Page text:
A U.S. government watchdog has warned that the Pentagon has spent more than $ 22 billion on Microsoft’s HoloLens, failing to ask whether the troops would be theoretically responsible for deploying the hardware if they actually wanted to use it or felt any benefit from it. This is such a common observation, one might wonder why the government needed to put it in an audit first. However, this is not the first time we’ve heard rumors that soldiers don’t like HoloLens – or IVAS – because the nature of the war is known.
When Microsoft announced that it would partner with the U.S. military to develop HoloLens into a combat-capable system, the news was controversial both inside and outside Microsoft. Some company employees felt that it was unethical to collaborate directly with the government to develop weapons of war, while some pundits generally felt that the technology was too immature to be used on the battlefield. Earlier this year, news broke that Microsoft could not move forward with HoloLens 3. In March, a leaked memo also indicated that the U.S. military may not be happy with IVAS hardware. A Microsoft employee said:
“We are going to the event expecting negative feedback from customers. We expect soldier sentiment to continue to be negative as reliability improvements have been minimal from previous events. It looks like the military is coming up with low expectations which may be advantageous as the expectations / delivery delta may not be large. “
This audit was prepared by the Office of the Inspector General (OIG). The document states: “Army testing officers assessed user acceptance from soldiers (sic) who used IVAS during various operational tests and used the results of that survey to make changes to the system. However, IVAS program officials did not set a minimum user acceptance level to determine if it would meet the needs of IVAS users. “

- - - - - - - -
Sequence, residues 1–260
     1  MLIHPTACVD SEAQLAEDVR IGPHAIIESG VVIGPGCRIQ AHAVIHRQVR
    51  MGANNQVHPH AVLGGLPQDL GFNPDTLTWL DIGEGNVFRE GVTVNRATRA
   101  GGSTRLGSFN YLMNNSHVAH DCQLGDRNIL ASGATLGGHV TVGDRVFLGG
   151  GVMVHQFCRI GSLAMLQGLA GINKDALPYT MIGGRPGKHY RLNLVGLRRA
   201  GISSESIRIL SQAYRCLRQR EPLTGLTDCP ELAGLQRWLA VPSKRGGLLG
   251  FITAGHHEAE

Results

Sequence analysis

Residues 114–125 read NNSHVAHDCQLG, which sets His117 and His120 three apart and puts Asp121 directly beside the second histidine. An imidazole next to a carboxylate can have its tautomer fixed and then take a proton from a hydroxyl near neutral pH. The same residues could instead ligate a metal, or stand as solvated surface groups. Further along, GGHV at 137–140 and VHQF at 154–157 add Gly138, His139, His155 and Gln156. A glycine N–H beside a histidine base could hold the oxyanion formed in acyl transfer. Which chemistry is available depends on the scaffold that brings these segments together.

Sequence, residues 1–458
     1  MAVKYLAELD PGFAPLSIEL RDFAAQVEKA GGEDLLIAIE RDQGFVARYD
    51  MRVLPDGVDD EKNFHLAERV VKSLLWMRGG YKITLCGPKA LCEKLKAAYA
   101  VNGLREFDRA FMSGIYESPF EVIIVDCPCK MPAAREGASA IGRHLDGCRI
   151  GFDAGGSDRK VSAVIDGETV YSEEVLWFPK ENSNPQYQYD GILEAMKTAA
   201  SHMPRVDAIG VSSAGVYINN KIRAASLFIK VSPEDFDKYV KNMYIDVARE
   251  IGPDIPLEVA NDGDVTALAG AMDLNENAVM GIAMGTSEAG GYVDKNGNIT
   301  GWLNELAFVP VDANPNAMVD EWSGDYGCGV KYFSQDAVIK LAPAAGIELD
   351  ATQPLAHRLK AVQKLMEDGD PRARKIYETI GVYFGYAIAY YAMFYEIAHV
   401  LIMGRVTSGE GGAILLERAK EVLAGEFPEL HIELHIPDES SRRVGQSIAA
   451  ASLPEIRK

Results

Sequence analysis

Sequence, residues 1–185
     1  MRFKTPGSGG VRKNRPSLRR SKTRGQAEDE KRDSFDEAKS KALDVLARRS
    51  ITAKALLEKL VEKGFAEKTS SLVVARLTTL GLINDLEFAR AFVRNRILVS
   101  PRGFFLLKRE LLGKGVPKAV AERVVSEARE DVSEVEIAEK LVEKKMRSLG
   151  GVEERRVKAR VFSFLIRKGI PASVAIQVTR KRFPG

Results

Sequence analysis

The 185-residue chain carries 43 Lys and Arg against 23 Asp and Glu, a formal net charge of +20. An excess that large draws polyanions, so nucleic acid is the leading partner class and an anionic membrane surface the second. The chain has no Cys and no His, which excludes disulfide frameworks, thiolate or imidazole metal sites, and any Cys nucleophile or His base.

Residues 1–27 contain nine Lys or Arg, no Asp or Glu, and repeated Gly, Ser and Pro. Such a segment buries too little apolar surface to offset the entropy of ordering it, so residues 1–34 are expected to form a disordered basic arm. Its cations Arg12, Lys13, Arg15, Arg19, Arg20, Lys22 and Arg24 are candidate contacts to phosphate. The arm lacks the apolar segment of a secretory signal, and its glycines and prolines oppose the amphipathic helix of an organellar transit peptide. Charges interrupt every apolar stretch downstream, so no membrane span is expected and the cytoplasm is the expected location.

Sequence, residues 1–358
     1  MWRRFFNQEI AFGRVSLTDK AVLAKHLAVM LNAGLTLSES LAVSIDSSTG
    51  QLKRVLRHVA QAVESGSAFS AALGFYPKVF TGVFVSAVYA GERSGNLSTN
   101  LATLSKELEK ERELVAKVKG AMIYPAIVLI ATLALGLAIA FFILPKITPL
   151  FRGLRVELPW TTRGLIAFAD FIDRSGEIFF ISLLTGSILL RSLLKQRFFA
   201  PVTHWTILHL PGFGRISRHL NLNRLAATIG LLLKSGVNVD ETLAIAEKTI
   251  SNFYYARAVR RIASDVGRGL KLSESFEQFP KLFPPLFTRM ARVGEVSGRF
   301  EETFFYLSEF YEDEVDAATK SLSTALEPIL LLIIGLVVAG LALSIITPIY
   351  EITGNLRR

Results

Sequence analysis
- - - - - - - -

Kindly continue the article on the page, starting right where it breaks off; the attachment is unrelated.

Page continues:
According to the full report, the IVAS was supposed to be built using soldier-centric design. Soldier-centric design, as the name implies, is intended to ensure that the needs of combat troops are paramount when designing relevant equipment. During IVAS development and prototyping, the military consulted directly with soldiers who tested equipment and changed their response. Unfortunately, the military has never clearly defined the specific criteria that IVAS must meet in order to be considered capable of meeting user needs.
The report blackens out all military reactions to actual IVAS capabilities, making it difficult to tell what users actually thought. It seems highly unlikely that the unedited portions of the report would consistently emphasize the lack of appropriate user acceptance if that response were to be appreciated. One can imagine a situation where IVAS has improved in the next generation but has never closed the complex gaps that kept the troops dissatisfied. The Pentagon may still claim that it has taken into account the views of the military (which OIG has done), but if the military does not like the thing, it does not want to use it. According to a memo leaked last month, soldiers were dissatisfied with the device’s low-light performance and its thermal imaging. These are not small features – they are the main reason why the military wants this kind of hardware in the first place. It may be that current technology still does not provide the kind of features that the military wants in terms of the weight of military aspirations and the footprint of energy consumption.